Katie was doing great in the first book learning how to better fit in, however with new threats and rivals its becoming a lot harder. In this book we get to see a bit more of a vulnerable side to Katie as she makes mistake after mistake. It was understandable though considering everything on her plate. It also made the differences between her and Tomo really come to light.

     Aside from the threats against them their relationship is still heating up. There are definitely some differences in dating with an American girl and Japanese boy. The author brings some of these issues up in a way that not only helps to move their relationship along, but add to the overall story line. 

    Tomo is doing his best to combat the Ink's power, but it seems like the harder he tries to resist, the worse it gets. He really is a great hero with a lot of heart, but also a lot of issues. I liked getting to see more of his background in this book and why he is the way he is. 

    This book is action packed and as the danger escalates its hard to tell just who is friend and foe. 

    I highly recommend this amazing sequel to the Ink series. If you are a fan of paranormal romance and/or Japanese culture this is one story you won't want to miss!

    1 out of 1 people found this review helpful.

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  • Anonymous

    Posted October 27, 2014


    Pads in.

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  • Anonymous

    Posted October 27, 2014


    She waits

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  • Anonymous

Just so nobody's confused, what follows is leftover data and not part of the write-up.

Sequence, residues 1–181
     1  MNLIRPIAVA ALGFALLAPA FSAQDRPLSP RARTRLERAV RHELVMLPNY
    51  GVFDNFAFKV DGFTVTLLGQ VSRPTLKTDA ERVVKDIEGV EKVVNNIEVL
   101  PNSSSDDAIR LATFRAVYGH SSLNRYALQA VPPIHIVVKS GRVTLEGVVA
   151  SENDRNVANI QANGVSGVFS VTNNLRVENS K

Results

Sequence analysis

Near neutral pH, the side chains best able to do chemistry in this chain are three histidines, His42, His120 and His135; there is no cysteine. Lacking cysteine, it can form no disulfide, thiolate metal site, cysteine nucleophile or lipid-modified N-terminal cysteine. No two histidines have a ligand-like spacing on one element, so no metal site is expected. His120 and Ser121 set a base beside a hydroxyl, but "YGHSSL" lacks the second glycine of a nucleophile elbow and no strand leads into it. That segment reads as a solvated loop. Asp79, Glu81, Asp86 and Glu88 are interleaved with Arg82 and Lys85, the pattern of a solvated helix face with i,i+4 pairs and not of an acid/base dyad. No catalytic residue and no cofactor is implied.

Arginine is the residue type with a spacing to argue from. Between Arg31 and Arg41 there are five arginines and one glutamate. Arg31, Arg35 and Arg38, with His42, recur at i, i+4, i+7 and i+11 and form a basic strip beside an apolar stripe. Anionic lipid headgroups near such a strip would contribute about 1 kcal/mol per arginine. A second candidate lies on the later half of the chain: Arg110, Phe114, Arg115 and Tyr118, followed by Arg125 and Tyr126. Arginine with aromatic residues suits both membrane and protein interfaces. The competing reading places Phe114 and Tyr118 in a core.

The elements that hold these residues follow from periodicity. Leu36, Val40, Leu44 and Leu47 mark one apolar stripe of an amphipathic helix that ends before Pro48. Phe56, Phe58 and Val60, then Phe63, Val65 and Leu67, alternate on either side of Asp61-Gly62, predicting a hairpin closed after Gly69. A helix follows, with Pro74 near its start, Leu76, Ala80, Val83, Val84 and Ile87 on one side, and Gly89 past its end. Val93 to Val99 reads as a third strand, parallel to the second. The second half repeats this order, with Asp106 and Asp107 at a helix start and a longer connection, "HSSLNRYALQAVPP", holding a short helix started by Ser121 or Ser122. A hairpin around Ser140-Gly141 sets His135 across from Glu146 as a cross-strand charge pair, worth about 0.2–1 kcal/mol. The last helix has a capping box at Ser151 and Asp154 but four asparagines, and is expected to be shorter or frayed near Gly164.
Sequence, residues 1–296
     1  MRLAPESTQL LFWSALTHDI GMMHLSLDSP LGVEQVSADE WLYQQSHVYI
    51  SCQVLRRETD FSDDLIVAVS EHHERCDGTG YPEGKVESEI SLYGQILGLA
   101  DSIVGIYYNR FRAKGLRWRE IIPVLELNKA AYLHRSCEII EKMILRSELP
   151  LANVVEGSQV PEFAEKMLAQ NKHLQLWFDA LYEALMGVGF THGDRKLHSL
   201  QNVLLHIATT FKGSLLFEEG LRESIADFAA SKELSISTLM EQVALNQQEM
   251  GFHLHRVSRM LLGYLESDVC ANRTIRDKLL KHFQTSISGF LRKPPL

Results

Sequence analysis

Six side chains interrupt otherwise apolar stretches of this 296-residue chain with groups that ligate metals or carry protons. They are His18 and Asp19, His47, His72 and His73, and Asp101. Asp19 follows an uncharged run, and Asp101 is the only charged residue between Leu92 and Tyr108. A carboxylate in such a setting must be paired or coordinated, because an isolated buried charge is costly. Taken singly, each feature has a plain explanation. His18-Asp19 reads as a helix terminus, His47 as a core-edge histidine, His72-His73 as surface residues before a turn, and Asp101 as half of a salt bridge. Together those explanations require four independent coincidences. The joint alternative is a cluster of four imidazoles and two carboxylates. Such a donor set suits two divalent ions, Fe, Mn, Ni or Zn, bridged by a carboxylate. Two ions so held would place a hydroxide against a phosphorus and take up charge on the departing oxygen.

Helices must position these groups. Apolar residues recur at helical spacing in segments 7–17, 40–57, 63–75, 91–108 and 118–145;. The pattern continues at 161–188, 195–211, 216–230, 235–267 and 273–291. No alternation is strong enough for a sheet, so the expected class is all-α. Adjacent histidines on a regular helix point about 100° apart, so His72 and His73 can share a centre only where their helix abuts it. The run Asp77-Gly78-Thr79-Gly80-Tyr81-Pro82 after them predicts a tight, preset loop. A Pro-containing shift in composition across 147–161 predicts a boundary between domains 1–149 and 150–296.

Posted August 28, 2014


    "Does this mean I'm intelligent?!"

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  • Posted July 12, 2014

    I was intrigued by the beautiful cover art at the store and auto

    I was intrigued by the beautiful cover art at the store and automatically decided to buy it. As it was a spontaneous purchase, I did not realize it was part of a series, of which I did not read the previous books. But i decided to just read it anyway because I was too excited to wait--and I LOVED it. I was still able to follow along with the book even without reading the series opener, which was a relief. The romance scenes between Tomo and Katie are so unbelievably cute and sappy, which I love. Just the little details made my heart flutter, reminding of me of what it feels like to be so attracted to and in so much love with someone. (Both Tomo and Katie are so sexually frustrated, it is hilarious!!) I liked that the author described the setting so well, to the point where I could imagine myself in Japan myself. I was worried that I would have to keep flipping back to the glossary to look up the Japanese phrases, which would be a hassle. Thankfully, I already knew some of the phrases and the author immediately translated the important phrases into English, so there was so need to look them up in the back. The whole "ink-coming-to-life" plot is, to be completely honest, cliché--but nevertheless, Amanda Sun made it work in a unique way. The torment within Tomo was so hauntingly beautiful, yet so sad that it brought me to tears, especially near the climax of the novel. The book was such a page-turner that I couldn't put it down--I finished it in just a few hours. I can't wait for the next book! (I hope there is a next book.........?) Meanwhile, I am gonna go buy and read Book #1 and #2! I highly recommend this book!!!

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  • Anonymous

    Posted July 3, 2014

    Is shite a bad word?


    0 out of 1 people found this review helpful.

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  • Posted June 29, 2014

    more from this reviewer